Power and Decision-Making in Family

There are few things that prove more intoxicating than power. A thrill comes from dominating, controlling and affecting the life of others. Frederick Nietzsche, German philosopher, said that human beings are hungry for power. He declared that “will to power” is the basic human drive and the essence of our humanity. Every action towards another person stems from a deep-down desire to bring that person under one’s power.

Power politics may also be seen in families. There are wives and husbands who think that it is their right to exercise power over what goes on in each other’s life. Men, in particular, are socially prescribed to be dominant over their wives. In a traditional family husband is in charge making all the decisions and wife complying with those decisions with little resistance and questioning. However, this dominant-submissive family model is slowly changing due to cultural changes taking place in India. Women are becoming more and more assertive due to better access to education, employment and income. However, men are not as willing to adapt to the new situation and demands. Marital problems persist as Indian family moves from dominant-submissive model to an egalitarian model. The root cause of many marital problems is an unequal relationship or struggle over who has control in the relationship. When power balance is not mutually acceptable, serious problems may arise.

Power struggle in a family may lead to a cycle of violence. This cycle of violence often begins with a pattern of verbal denigration and emotional abuse, and intensifies until it manifests itself as a form of physical abuse. Verbal abuse is probably more sinister than physical abuse. Even after the healing of bruises and broken bones from physical abuse, verbal abuse continues to silently erode its victim’s self-worth. Because the abusive spouse conveys to the other that he/she is responsible for his/her abusive behaviour; he/she is a failure in most or all of the roles he/she is performing; and he/she is helpless without the abuser. Victim of abuse eventually come to believe that he/she is powerless and object of shame.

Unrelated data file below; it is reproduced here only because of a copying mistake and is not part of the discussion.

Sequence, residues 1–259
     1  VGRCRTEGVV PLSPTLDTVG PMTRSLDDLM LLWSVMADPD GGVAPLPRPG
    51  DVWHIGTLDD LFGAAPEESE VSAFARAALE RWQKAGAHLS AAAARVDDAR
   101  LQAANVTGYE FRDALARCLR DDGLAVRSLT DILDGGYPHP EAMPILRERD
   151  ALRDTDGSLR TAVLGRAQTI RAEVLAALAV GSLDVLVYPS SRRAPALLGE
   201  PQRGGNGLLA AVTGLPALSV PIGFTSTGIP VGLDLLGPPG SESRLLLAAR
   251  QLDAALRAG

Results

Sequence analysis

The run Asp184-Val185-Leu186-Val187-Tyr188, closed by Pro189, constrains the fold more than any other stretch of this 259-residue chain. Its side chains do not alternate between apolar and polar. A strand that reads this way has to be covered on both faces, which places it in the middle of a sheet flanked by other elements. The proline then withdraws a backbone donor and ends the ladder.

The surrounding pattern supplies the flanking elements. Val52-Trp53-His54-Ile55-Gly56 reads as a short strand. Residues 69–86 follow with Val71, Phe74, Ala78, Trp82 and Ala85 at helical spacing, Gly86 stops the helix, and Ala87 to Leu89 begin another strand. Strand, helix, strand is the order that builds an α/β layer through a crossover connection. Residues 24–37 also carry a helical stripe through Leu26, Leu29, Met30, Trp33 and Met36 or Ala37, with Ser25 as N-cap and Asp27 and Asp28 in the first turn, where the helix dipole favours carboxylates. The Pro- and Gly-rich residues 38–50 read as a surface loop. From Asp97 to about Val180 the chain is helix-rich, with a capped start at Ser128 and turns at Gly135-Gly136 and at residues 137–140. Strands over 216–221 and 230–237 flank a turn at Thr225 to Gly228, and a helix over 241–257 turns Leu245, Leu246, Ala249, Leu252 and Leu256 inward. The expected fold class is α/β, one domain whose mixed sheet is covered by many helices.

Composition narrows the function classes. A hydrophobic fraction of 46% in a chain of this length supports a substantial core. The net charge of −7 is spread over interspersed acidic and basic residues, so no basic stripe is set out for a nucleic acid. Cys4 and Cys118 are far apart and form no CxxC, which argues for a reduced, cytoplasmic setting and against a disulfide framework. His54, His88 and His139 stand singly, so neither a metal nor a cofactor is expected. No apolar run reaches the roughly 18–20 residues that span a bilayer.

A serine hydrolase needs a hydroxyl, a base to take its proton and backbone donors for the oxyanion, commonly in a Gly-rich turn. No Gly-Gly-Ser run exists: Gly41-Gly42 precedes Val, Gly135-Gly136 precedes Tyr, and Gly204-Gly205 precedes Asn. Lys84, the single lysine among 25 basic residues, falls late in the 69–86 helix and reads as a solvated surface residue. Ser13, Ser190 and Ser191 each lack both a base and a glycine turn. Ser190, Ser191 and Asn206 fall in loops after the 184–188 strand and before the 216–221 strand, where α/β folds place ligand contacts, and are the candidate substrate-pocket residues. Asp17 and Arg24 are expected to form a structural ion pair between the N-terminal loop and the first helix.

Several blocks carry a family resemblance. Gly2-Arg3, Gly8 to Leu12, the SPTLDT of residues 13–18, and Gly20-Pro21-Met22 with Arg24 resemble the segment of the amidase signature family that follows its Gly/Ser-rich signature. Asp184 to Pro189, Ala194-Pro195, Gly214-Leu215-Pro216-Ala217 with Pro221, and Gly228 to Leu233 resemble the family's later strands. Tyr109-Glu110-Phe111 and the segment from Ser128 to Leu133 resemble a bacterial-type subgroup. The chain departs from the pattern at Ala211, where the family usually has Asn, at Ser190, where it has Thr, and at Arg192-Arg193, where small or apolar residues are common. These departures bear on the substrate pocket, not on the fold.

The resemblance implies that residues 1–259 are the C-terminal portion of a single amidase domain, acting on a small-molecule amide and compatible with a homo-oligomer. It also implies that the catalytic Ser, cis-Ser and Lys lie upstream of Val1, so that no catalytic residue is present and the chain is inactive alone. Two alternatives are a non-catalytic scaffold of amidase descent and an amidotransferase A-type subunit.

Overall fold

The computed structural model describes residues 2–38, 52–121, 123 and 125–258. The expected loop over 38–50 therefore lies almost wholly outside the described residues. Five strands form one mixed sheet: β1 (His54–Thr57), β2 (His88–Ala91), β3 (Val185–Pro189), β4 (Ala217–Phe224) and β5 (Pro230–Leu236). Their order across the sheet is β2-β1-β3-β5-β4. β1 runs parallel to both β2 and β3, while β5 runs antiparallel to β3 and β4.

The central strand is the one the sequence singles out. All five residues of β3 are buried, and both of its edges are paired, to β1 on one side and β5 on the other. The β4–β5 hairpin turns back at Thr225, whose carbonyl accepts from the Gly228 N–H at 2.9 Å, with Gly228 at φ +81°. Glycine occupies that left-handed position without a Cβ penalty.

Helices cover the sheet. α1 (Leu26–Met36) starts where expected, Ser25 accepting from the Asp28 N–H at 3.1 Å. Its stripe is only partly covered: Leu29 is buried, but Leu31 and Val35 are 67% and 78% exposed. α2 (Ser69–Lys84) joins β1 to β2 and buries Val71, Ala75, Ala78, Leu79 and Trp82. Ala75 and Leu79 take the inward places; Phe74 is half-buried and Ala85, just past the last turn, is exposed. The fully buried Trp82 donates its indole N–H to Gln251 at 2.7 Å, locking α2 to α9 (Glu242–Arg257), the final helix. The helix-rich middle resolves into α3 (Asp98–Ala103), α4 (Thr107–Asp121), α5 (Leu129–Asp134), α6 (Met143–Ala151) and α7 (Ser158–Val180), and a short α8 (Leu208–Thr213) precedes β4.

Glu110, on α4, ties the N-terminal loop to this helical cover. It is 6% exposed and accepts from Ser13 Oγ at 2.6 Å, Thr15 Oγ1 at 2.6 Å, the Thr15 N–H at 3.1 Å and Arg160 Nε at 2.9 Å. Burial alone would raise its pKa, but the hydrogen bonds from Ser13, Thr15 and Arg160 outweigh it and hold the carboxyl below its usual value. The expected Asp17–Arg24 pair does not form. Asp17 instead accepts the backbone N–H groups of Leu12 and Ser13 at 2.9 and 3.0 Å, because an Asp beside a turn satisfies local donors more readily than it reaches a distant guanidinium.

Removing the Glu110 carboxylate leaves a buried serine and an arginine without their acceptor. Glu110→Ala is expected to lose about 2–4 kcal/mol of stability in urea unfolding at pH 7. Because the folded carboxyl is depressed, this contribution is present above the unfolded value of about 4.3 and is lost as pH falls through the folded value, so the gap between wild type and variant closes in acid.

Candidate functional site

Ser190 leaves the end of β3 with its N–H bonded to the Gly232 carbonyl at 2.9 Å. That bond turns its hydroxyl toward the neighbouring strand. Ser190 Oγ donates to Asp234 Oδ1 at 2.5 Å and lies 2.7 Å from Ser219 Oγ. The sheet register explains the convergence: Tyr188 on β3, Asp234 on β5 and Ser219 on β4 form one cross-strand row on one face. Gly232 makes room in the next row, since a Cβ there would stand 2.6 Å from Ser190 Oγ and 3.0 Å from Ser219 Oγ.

Spousal abuse may be the result of various factors. It may be a learned behavior that a child observes occurring between parents and later repeats in his/her adult relationships. Abusers are often motivated by feelings of powerlessness and insecurity. Spouse abuse inflates the ego and provides a false sense of power and control. It may also be due to a misguided sense of love that results in unhealthy possessiveness and jealousy.

Power struggles often emerge at the time of decision-making.

There are four major types of decision-making:

  1. A spouse habitually makes decisions and implements those decisions or announces the decisions in the family with the expectation that these decisions will be accepted and carried out without challenge. Here communication is mostly unidirectional, from the dominant spouse to the submissive one, as there will be no room for discussion or interaction.